1985 Pop-Up Book Takes Us Inside the PC (video)

computer pop-upThe latest pop-up books can take us on a tour of the White House or remind us of the phobias we'd rather forget, but that's nothing compared to what has been published in the past.

I've just come across a video for a 30-year-old pop-up book called Inside the Personal Computer. The book takes readers on a tour of the latest computer tech from 1985, showing them everything from the case to the chips inside, the floppy drive, and the printer. It even explains what binary is, how a CRT screen works, and what ASCII codes are.

The book is a fun reminder of just how far computers have come in the past 30 years. And coincidentally, you can buy this book on Amazon.

If the commentary on this video bothers you, there is a similar video on Vimeo. It has a sound track but no commentary.

The level of detail is fascinating, but this book would be a whole lot cooler if someone had published it in 2016. Thanks to Raspberry Pi and other cheap single-board computers, it's now possible to build an actual computer into a pop-up book rather than just a model.

True, I don't know where you would put the screen, but it's not the craziest of uses of a pop-up book. One designer has invented a pop-up book which is also a functional camera. Her other pop-up book uses a smartphone (not included) to become a planetarium or  speaker.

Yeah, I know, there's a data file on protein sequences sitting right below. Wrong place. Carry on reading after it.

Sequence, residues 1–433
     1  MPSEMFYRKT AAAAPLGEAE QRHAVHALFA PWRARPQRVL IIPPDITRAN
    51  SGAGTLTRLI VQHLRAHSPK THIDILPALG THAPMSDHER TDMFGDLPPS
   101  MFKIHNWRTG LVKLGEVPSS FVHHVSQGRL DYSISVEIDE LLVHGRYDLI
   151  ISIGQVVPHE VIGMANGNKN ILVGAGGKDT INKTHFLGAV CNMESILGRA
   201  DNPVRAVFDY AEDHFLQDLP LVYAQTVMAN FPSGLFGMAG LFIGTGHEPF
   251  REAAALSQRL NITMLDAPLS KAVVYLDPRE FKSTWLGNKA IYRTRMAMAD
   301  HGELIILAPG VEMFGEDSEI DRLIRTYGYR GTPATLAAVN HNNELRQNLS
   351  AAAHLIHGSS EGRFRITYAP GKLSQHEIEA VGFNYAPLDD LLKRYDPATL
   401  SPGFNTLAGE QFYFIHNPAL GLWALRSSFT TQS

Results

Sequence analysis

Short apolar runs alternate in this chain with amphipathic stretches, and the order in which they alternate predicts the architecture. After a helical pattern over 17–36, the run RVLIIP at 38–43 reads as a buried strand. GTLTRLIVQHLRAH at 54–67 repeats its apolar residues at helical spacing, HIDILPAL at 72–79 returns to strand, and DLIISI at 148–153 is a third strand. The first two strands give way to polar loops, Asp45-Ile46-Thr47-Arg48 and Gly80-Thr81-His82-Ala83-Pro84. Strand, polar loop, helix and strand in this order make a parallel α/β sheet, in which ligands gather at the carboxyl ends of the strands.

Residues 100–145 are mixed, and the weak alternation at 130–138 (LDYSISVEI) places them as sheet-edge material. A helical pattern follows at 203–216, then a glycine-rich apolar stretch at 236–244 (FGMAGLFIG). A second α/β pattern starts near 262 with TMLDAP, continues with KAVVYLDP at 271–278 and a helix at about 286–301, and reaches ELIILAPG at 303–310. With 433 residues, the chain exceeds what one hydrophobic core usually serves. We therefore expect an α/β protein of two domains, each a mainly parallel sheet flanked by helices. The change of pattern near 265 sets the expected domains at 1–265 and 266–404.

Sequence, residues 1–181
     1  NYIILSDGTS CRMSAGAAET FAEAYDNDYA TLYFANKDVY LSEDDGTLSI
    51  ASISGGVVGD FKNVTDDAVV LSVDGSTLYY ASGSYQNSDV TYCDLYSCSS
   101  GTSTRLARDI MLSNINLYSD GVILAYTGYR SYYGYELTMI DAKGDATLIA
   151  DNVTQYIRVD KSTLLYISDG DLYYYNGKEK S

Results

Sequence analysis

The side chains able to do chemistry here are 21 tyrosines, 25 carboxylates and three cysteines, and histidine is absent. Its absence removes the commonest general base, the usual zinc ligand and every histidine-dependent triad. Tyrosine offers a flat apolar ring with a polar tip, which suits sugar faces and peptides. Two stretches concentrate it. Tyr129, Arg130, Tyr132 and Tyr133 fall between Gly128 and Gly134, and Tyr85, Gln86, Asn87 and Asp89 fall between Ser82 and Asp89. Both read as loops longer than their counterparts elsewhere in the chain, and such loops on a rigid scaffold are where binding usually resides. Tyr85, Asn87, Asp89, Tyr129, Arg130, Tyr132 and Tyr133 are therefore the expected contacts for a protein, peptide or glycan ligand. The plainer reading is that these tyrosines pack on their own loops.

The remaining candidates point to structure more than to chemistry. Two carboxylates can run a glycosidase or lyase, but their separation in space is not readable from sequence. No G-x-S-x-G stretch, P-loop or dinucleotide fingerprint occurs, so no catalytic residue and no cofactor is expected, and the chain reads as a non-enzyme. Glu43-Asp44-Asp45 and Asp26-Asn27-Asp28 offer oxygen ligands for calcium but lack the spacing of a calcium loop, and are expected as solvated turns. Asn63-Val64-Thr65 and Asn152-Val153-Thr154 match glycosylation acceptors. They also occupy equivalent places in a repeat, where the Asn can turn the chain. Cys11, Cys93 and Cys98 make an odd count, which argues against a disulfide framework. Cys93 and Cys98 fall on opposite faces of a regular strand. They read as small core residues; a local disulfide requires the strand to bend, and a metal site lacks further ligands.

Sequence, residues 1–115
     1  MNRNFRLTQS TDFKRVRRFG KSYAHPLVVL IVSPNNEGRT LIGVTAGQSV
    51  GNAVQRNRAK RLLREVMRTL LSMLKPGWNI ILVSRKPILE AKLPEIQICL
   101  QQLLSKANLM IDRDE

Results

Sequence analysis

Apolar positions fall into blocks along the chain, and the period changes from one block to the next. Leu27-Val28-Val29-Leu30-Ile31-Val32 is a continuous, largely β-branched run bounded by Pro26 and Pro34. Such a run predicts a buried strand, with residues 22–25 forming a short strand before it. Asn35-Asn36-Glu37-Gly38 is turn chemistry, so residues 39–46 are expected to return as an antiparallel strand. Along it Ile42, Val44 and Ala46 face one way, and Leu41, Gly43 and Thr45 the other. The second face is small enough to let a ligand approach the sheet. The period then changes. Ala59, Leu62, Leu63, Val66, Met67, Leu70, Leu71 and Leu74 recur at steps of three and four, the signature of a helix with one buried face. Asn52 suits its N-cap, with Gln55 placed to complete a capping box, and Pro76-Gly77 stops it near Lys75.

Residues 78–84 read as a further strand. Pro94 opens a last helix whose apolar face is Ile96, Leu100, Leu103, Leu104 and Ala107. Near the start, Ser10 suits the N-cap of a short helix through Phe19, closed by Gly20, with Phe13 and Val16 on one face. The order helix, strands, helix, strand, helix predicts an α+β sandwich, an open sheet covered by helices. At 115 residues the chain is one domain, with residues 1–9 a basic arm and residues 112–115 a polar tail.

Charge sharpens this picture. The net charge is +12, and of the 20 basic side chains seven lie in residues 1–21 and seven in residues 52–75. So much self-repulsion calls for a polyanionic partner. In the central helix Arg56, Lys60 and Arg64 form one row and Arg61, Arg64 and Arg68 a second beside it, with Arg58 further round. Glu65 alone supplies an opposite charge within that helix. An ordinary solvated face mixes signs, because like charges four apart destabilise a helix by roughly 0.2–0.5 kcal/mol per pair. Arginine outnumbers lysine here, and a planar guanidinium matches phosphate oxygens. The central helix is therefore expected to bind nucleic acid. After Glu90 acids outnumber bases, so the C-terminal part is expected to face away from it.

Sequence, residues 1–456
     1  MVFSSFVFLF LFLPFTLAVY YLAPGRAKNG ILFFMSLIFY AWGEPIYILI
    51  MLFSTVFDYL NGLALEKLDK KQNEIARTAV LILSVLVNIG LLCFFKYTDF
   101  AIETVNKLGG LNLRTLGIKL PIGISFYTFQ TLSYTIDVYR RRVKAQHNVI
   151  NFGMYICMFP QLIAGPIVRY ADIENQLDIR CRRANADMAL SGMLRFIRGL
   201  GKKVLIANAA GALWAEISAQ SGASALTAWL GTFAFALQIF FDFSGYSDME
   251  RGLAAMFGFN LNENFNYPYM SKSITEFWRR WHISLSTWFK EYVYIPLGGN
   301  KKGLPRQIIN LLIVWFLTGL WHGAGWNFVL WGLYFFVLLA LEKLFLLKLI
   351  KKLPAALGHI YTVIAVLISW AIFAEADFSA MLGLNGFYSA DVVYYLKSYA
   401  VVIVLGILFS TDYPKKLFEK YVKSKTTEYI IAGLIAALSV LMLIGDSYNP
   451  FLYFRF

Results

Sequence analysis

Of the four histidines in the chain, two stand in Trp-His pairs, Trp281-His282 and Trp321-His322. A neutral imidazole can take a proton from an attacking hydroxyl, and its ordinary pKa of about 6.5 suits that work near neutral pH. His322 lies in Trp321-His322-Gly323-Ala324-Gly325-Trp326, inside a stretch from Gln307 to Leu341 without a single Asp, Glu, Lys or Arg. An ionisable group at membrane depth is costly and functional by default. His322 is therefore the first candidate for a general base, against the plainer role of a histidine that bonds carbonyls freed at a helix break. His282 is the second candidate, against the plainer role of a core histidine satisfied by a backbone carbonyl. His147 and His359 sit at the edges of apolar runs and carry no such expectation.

Really, the only thing stopping someone from building a Raspberry Pi into a pop-up book is that no one has thought to try it yet (or rather, I can't find any sign that some has).

Does anyone want to give it a shot?


About Nate Hoffelder (11468 Articles)
Nate Hoffelder is the founder and editor of The Digital Reader: "I've been into reading ebooks since forever, but I only got my first ereader in July 2007. Everything quickly spiraled out of control from there. Before I started this blog in January 2010 I covered ebooks, ebook readers, and digital publishing for about 2 years as a part of MobileRead Forums. It's a great community, and being a member is a joy. But I thought I could make something out of how I covered the news for MobileRead, so I started this blog."

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